HistoryHow it all Started
Prince Edward Island government was not always led by one House of elected representatives; for roughly the first 120 years of Island governance, there were two legislative bodies, the Legislative Council and the House of Assembly. A two-body Legislature is known as a bicameral Legislature. PEI’s first Governor, Walter Patterson, was instructed to establish a House of Assembly in which representatives were popularly elected (unlike Council members, who were appointed). The combination of a Council and House was a requirement for the enactment of legislation under British law. Though Patterson became Governor in 1769, the first House of Assembly was not elected until 1773. Early sessions of the Assembly met in private homes and taverns. A Sergeant-at-Arms of the time commented that this made for a “damn queer parliament”.
By 1825, the House of Assembly was working on establishing its rights and privileges, particularly in terms of self-regulation and authority. It followed the example of the British Parliament in seeking to secure...
“...freedom from arrest (save in indictable offences) during the session and for periods of forty days before and after the session, freedom of speech during debate, power to discipline members and non-members who gave insult or injury to the House or its members, the right to determine disputed elections, [and] the right to receive petitions "
The House also established committees charged with the discussion and analysis of particular matters, which took some of the work load off the main body of the House. Committees remain an important part of today’s Legislative Assembly.
PEI’s early Legislature often remained in office for an indefinite time, until the Lieutenant Governor saw fit to dissolve it. In 1833 the term was set to four years, with exceptions for dissolution by the Lieutenant Governor or upon the death of the King or Queen. Today, the term of the Legislative Assembly may last for up to five years from the day of the return of the writs for a general election. Otherwise, it may be dissolved earlier by the Lieutenant Governor with the advice of Executive Council. It is no longer automatically dissolved upon the death of a sovereign.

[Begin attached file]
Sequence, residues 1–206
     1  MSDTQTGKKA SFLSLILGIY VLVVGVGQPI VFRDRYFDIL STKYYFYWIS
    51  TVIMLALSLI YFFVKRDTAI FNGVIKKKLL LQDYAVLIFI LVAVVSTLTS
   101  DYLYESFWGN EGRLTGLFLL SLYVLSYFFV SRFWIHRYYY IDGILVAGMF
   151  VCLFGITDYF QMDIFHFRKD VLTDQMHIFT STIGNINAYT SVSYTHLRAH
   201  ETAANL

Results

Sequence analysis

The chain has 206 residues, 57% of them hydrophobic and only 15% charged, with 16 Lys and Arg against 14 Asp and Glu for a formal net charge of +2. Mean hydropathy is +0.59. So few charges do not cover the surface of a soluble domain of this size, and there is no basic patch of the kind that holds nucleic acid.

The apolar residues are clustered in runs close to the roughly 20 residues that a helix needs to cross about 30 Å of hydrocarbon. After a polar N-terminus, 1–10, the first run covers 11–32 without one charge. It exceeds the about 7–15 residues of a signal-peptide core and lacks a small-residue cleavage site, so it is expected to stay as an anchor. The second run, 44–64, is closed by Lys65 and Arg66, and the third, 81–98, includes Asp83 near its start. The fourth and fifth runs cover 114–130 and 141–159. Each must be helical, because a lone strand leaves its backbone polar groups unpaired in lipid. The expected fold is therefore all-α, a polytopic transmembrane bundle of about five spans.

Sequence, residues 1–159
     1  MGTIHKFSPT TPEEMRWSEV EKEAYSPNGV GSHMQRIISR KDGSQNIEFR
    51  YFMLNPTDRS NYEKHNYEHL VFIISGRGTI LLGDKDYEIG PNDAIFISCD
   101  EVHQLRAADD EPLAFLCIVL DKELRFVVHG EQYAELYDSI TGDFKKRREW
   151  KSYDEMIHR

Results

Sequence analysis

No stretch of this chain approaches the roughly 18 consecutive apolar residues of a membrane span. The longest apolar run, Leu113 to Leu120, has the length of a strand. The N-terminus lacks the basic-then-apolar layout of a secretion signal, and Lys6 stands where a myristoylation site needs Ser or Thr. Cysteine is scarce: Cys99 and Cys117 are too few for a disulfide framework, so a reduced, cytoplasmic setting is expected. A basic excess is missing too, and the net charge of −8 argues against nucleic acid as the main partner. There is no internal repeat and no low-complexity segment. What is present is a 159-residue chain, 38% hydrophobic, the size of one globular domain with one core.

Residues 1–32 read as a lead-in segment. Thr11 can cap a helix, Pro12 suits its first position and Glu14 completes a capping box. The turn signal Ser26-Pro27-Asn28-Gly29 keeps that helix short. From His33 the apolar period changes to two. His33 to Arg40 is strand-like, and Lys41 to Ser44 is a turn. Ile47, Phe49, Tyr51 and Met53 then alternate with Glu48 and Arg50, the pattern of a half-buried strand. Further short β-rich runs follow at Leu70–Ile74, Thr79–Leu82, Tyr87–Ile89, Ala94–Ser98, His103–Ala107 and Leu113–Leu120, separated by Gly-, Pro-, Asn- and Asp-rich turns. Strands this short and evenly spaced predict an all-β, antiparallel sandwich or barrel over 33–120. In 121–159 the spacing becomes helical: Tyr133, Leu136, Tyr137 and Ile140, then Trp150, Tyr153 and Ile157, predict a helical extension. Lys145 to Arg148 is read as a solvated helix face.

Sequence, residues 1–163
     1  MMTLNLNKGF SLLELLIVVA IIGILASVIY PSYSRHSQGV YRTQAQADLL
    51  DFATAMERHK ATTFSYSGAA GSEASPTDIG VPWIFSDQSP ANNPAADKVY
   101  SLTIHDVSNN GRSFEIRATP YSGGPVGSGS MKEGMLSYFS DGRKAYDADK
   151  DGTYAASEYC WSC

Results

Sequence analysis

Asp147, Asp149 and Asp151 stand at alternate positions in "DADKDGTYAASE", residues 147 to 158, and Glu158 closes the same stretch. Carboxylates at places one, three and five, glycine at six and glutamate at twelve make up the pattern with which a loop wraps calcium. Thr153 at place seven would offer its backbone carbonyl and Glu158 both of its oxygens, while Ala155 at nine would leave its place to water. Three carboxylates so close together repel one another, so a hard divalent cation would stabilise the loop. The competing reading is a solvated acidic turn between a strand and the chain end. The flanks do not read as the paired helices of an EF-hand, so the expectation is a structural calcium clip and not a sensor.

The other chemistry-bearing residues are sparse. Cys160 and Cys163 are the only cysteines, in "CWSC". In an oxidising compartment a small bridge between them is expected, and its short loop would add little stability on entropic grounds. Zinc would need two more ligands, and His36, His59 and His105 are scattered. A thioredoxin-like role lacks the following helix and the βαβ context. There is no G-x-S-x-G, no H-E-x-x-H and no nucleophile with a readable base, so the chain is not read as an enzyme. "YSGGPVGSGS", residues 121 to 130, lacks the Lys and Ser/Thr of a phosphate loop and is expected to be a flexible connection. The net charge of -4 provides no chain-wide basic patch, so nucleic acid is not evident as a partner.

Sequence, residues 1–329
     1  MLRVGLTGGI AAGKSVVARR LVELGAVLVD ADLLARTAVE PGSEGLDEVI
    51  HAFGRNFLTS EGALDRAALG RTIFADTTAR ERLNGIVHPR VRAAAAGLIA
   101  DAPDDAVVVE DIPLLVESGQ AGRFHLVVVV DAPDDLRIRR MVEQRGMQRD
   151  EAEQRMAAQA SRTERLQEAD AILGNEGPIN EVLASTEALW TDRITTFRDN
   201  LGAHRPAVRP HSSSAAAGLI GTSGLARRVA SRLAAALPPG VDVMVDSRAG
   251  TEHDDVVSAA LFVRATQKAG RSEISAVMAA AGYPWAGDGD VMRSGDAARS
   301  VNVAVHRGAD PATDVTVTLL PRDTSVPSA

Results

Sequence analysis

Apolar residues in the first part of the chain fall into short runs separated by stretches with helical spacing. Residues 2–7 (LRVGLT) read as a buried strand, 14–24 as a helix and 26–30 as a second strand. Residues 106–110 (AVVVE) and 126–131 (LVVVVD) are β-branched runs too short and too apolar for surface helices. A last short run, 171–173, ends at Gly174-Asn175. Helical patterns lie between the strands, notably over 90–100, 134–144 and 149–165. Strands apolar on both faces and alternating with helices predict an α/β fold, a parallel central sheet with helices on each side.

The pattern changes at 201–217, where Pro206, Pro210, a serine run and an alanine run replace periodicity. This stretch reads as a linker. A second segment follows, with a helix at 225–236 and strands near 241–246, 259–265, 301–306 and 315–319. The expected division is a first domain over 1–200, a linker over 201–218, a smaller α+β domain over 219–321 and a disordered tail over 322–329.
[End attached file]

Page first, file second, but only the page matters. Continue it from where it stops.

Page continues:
The existence of an elected House of Assembly was key to PEI’s attainment of responsible government (self-government) in 1851. The members of the House of Assembly were in favour of responsible government, while the members of the Legislative Council were not. The Council members’ resistance was likely because they were appointed, opposed to reform and enjoyed freedom from responsibility to the House of Assembly. In fact, the Council was often an obstacle to the House in terms of membership and policy. But in 1839 the Legislative Council was separated into a Legislative Council and an Executive Council, and some members of the House of Assembly were placed on Executive Council; this had the effect of reducing the Legislative Council’s power. In 1840 the House of Assembly requested that the Queen grant responsible government to PEI. It was granted in 1851, and was augmented with an 1862 Act that required the Legislative Council to be elected rather than appointed. From this point onward the Council’s influence gradually diminished compared to the House.
Creating the Legislative Assembly
In 1893, the House of Assembly and the Legislative Council were combined to form the Legislative Assembly. From 1893 to 1966, PEI’s Legislative Assembly was made up of 30 members, half of which were elected as Assemblymen, half as Councillors. There were five electoral districts in each of the three counties, and each district elected an Assemblyman and a Councillor. This double-representative system was unique in Canadian politics, as all other provinces had abolished their second chambers. In 1966 the riding of 6th Queens was created, which brought the total membership in the Assembly to 32. In 1994 the Election Act and Electoral Boundaries Commission recommended a shift to single member representation for all 30 districts. MLA Ross Young later introduced a Private Members Bill which redrew electoral boundaries according to a 27-riding system. The bill received Royal Assent on May 19, 1994, and survived provincial and federal Supreme Court challenges by the City of Charlottetown and other urban centres. The 1996 election was the first time the Legislative Assembly was elected based on one member for each of 27 ridings, a system it continues to follow today.